In a June 22nd draft, the EU proposed a cybercrime rapid response unit. Members will share related information on a need-to-know basis to provide a safe digital society and economy.
Rising Incidents of Cyber Incidents
That constant attacks have heavily impacted citizens, organizations as well as public service bodies across the region. Criminals hijack systems, encrypt data, then demand ransom which industry players predict will cost the globe $6 trillion by the end of 2021.
Therefore, it’s become vital to form a commission of experts that can tackle the issue.
The EU plans to have the Joint Cyber Unit operational by June 2022 and fully established by 30th June 2023. It will bring together resources and technical know-how available in the European Commission and member states to help manage the crisis.
The venture will build on 2017’s blueprint, and members will collaborate virtually and in physical offices. It will create the necessary protocol to not only pursue perpetrators but also warn of impending attacks.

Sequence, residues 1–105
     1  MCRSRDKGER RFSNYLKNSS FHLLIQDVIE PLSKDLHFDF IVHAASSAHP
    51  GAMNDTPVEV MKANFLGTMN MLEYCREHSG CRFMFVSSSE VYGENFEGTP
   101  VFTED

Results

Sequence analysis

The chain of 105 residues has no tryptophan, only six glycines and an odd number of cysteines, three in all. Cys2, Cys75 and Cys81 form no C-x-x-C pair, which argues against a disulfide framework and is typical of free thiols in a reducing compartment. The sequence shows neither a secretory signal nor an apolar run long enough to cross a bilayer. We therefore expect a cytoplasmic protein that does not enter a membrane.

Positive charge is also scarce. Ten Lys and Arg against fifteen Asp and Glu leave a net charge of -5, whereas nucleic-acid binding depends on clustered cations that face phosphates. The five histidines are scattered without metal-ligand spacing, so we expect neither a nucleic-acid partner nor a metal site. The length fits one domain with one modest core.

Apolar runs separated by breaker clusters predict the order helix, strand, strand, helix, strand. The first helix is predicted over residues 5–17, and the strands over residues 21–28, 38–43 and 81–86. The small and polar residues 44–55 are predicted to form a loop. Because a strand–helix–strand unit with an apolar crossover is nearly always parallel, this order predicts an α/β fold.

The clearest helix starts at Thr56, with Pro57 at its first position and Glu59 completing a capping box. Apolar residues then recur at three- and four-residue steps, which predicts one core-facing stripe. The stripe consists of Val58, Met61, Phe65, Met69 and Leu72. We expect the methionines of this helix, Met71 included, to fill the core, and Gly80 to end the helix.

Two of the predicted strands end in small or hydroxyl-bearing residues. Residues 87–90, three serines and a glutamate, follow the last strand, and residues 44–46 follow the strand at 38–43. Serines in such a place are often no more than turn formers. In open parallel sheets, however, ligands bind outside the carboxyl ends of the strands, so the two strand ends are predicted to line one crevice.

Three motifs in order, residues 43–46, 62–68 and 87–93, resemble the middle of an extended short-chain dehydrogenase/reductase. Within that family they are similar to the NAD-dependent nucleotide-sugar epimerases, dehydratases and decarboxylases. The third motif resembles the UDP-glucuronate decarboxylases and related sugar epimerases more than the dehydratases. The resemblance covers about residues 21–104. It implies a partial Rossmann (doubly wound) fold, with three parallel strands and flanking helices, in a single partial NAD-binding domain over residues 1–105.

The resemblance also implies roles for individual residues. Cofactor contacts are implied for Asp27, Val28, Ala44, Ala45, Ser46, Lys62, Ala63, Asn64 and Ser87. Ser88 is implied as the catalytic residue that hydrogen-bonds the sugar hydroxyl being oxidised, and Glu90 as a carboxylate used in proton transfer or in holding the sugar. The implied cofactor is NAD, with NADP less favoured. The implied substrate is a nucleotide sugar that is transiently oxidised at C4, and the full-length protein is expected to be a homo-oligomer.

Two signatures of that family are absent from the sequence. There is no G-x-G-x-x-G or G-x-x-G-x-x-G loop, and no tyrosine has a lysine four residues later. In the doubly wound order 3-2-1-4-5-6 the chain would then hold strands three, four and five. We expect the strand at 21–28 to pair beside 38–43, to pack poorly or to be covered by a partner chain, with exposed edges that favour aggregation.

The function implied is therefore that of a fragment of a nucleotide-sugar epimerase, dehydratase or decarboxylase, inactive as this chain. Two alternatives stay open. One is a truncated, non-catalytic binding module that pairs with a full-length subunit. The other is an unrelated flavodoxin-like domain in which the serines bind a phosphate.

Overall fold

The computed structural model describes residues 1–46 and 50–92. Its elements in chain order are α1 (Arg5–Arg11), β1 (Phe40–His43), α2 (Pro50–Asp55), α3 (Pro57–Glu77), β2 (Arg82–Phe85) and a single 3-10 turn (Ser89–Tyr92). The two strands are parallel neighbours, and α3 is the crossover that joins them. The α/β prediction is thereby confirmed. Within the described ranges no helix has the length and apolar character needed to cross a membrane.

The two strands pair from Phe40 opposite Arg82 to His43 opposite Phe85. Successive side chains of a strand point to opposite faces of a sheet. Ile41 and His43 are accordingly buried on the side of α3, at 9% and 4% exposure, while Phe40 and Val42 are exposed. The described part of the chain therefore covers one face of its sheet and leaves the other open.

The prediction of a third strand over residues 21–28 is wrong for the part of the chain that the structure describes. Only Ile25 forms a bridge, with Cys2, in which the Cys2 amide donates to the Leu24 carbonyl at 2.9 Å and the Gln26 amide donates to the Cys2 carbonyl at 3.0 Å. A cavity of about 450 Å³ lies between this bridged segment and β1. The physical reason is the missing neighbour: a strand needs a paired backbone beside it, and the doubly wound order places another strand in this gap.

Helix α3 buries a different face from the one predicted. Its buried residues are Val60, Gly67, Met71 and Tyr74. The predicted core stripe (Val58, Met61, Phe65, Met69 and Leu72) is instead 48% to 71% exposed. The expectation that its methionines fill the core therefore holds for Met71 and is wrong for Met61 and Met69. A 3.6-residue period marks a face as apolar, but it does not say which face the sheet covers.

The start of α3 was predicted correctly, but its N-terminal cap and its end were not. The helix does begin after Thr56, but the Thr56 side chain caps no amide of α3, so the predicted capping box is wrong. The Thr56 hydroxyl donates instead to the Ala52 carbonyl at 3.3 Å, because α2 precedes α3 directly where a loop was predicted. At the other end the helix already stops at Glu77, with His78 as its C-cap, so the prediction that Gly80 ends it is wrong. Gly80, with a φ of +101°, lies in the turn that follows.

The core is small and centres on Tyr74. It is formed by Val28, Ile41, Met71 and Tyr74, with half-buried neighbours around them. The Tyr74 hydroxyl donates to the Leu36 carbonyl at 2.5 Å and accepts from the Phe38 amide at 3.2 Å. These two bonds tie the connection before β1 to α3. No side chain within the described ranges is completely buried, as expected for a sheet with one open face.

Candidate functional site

The EU Agency for Cybercrime has welcomed the plans and will serve as the secretariat during the preparation period. It will create situational awareness and coordinate incident response for crisis preparedness.
No Intention to Compete
EU Internal Market’s commissioner, Thierry Breton, has stated that the task force will not try to outshine the existing cybercrime organizations. Instead, he stressed that its sole purpose is for teamwork regarding technical and operational assistance.
He cited the Ireland attack, which could not have gotten to the scale it did, had a rapid response unit handled it. He went on to say that a quick deployment is vital to avert such situations which worsen with time.
Businesses, individuals, and government institutions worried about the rising cyberattack rates can use antivirus software for protection.